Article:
Alopecia areata is an autoimmune disorder in which the immune system attacks hair follicles. It affects about 4.7 million people in the United States and occurs equally in men and women. The cause is unknown, but it may be triggered by stress or illness.
The symptoms: The condition can occur in three forms. Alopecia areata commonly causes round, smooth patches of baldness on the scalp, eyebrows, or legs, Dr. Fusco says. Total hair loss on the head is known as alopecia totalis, while hair loss that occurs all over the body is called alopecia universalis. "Some patients have reported that before the bald spot occurred, they felt something in that area—a tingling or an irritation," Dr. Fusco says.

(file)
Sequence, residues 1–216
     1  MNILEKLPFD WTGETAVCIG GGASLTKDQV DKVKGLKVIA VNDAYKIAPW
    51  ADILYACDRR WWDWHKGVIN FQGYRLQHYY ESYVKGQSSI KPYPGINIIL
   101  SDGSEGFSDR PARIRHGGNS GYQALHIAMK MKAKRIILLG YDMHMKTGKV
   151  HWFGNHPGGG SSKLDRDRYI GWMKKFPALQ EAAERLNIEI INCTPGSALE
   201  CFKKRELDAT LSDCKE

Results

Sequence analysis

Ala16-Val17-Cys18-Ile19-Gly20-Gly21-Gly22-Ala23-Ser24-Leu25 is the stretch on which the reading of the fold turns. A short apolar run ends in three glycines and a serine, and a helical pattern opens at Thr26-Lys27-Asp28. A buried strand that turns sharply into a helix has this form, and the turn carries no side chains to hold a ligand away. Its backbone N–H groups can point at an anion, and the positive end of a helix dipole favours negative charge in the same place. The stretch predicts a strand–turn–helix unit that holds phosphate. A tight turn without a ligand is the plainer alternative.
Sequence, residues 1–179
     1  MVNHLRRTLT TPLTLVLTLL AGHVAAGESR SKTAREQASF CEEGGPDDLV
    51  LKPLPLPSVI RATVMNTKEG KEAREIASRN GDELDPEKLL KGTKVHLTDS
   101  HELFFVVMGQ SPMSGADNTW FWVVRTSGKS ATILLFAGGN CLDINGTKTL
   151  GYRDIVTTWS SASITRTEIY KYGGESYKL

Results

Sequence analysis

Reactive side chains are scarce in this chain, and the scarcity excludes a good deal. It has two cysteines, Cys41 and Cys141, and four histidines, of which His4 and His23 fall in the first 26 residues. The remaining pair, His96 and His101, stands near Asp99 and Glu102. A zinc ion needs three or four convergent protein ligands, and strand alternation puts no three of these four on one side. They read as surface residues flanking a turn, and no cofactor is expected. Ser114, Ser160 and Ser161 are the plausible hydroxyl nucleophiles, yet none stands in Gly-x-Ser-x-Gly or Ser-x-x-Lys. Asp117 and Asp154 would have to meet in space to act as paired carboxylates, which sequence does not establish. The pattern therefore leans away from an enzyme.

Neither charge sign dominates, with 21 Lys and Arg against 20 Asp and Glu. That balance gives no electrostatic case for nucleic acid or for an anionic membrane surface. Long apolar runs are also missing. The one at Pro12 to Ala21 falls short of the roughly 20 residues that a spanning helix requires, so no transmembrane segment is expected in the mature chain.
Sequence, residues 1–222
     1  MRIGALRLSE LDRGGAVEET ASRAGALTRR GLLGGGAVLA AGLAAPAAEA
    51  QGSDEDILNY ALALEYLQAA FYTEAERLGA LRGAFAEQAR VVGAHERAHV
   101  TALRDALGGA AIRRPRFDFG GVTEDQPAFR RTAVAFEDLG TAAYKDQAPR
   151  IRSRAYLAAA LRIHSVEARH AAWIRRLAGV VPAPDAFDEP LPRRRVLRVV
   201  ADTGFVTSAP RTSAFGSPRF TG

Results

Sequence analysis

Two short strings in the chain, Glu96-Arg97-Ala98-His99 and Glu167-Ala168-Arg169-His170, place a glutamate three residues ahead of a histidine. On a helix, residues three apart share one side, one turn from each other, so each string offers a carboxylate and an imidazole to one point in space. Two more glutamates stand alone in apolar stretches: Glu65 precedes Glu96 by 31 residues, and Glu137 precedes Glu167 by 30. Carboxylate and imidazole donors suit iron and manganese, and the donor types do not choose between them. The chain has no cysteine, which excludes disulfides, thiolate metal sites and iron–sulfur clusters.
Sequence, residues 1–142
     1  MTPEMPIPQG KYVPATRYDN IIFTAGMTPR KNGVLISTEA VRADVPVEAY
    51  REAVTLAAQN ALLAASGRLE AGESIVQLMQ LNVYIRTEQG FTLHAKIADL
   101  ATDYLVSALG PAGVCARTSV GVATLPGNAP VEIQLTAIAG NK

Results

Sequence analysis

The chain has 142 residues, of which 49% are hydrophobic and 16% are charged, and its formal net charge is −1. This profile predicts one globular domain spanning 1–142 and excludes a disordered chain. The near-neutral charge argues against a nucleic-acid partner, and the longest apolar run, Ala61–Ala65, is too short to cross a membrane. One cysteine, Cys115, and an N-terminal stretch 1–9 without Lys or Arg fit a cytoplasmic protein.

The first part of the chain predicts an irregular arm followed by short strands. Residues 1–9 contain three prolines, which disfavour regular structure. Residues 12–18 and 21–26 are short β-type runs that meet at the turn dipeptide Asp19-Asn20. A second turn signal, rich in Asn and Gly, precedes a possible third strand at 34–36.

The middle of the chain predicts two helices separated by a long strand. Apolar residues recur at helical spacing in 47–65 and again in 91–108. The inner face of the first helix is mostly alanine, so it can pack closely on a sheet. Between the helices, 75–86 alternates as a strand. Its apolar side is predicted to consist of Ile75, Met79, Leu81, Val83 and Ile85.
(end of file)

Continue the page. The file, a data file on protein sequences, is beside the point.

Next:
The tests: Observing the pattern of hair loss can usually determine if you have alopecia areata, and blood tests for iron stores, ANAs. and hormones are usually done to rule out underlying conditions that may cause hair loss.
What you can do: Alopecia areata is usually treated with intralesional corticosteroids, Dr. Fusco says. In some cases, minoxidil (Rogaine) may also help. It's also important to reduce stress.